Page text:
14 . X. Yu , L. Scaccabarozzi , O. Levi , T. J. Pinguet , M. M. Fejer , and J. S. Harris , “ Template design and fabrication for low loss orientation-patterned nonlinear AlGaAs waveguides pumped at 1.55 μm ,” J. Cryst. Growth. 251 , 794 – 799 ( 2003 ). [CrossRef]

] and those reported by other groups [13

13 . S. Koh , T. Kondo , Y. Shiraka , and R. Ito , “ GaAs/Ge/GaAs sublattice reversal epitaxy and its application to nonlinear optical devices ,” J. Cryst. Growth. 227/228 , 183 – 192 ( 2001 ). [CrossRef]

]. After chemical etching, the wafer was cleaned by alternate dipping into hydrochloric acid and hydrogen peroxide several times; then it was reloaded into the MBE machine and the regrowth is performed to deposit the waveguide core and cladding layers as shown in Fig. 1(b).

Fig. 1. QPM waveguide structures grown on an-orientation patterned GaAs template. Corrugations are undesired artifacts of the growth process.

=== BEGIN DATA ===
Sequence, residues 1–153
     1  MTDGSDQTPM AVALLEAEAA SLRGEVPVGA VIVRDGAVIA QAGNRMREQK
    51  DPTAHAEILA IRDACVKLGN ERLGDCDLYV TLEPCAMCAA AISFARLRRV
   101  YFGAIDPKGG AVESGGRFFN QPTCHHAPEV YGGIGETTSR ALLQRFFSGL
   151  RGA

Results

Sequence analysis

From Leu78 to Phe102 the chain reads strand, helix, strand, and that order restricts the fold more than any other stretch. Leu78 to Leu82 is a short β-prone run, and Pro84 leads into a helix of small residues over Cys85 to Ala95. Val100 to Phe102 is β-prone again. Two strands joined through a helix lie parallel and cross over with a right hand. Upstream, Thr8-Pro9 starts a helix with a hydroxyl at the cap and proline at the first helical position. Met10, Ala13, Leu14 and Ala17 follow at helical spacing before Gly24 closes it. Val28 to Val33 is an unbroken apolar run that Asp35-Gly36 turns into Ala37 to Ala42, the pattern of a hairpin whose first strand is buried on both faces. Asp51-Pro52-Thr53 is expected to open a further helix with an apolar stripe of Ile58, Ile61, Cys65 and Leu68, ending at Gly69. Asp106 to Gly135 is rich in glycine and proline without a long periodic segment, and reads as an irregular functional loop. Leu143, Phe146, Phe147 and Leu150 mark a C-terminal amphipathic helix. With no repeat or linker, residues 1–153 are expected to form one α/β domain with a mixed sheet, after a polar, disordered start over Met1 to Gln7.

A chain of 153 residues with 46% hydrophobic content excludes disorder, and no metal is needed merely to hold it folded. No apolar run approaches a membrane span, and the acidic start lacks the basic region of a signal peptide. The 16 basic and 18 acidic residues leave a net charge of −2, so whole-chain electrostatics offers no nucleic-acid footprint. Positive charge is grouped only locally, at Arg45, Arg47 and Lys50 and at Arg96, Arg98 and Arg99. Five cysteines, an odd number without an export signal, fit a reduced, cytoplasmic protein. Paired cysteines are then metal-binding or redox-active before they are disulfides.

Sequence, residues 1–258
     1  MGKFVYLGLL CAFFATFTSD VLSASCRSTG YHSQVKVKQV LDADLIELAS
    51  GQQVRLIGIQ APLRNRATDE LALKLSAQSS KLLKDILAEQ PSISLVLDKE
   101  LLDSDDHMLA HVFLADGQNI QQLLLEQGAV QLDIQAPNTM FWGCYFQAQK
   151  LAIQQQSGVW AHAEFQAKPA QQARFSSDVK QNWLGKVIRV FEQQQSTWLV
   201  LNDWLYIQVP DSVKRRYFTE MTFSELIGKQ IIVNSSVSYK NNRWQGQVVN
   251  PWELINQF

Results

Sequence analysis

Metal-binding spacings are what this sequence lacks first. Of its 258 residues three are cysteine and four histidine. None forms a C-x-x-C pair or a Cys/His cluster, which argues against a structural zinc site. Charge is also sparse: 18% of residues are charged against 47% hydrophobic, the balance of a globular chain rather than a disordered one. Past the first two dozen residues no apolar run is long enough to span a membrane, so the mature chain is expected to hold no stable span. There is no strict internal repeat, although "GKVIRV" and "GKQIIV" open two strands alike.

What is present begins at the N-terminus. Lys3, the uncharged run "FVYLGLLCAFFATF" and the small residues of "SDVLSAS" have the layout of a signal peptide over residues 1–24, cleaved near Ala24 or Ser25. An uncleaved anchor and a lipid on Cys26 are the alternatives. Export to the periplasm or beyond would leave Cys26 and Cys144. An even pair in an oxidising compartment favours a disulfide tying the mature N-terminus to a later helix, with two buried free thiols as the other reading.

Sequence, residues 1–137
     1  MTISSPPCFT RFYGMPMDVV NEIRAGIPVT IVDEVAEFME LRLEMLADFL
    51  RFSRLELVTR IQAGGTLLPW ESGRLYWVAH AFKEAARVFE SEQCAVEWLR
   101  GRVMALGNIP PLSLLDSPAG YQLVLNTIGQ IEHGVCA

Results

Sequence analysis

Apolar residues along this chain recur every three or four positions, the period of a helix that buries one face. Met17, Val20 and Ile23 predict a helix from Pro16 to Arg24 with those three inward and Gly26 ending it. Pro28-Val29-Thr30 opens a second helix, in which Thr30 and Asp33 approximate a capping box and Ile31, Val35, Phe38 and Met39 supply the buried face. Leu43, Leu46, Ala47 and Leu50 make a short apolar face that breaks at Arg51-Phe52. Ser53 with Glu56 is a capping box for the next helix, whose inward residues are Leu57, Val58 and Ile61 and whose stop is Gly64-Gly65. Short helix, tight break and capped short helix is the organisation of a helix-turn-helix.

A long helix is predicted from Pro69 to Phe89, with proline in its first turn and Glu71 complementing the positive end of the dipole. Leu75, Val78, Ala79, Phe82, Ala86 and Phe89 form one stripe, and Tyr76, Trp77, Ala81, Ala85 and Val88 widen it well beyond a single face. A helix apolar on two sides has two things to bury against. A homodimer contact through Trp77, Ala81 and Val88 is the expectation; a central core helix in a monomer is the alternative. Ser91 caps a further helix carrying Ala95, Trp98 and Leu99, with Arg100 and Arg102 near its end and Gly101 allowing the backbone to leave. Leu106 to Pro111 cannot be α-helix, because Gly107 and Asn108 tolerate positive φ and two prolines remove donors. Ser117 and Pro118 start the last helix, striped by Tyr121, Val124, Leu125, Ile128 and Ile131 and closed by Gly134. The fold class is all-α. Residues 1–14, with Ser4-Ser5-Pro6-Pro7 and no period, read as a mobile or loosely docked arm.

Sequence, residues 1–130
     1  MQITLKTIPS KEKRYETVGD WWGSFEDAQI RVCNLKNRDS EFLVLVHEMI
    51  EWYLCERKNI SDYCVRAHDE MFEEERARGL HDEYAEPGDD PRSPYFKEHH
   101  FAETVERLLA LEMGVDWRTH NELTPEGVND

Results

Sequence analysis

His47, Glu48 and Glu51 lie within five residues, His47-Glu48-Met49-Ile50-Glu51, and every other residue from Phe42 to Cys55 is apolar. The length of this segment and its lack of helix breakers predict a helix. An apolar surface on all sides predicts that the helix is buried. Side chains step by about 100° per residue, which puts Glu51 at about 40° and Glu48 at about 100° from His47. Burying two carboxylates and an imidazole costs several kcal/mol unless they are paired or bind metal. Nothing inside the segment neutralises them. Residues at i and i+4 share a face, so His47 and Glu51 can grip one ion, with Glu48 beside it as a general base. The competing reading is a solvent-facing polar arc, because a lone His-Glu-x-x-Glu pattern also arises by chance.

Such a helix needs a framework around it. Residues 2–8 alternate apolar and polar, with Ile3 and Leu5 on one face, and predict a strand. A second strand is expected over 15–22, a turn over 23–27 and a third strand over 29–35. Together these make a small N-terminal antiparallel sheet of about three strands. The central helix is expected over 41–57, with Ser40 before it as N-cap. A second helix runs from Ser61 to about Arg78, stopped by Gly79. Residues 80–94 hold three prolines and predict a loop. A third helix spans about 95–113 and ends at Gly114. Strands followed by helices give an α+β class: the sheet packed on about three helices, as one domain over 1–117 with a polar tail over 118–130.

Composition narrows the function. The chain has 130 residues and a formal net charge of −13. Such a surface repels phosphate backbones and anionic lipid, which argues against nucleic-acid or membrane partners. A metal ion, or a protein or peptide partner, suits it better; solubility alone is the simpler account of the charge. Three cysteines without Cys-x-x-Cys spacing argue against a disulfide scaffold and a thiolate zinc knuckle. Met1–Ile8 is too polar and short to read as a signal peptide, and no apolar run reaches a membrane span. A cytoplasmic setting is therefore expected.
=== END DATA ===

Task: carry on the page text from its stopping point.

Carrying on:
The formation of grooves on the phase boundaries can possibly be explained by the diffusion behavior of the adatoms. It is well known that the {111} surface of the GaAs has the lowest energy and that higher growth temperatures enable the diffusion of adatoms to form facets close to the equilibrium state that has been observed in GaAs growth on patterned structures [17

17 . R. S. Williams , M. J. Ashwin , T. S. Jonesa , and J. H. Neave , “ Ridge structure transformation by group-IIIspecies modification during the growth of .Al,Ga.As on patterned substrates ,” J. Appl. Phys. 97 , 0449051 – 0449055 ( 2005 ). [CrossRef]

, 18

18 . E. Gil-Lafon , J. Napierala , D. Castelluci , A. Pimpinelli , R. Cadoret , and B. Gérard , “ Selective growth ofGaAs by HVPE: keys for accurate control of the growth morphologies ,” J. Cryst. Growth 222 , 482 – 496 ( 2001 ). [CrossRef]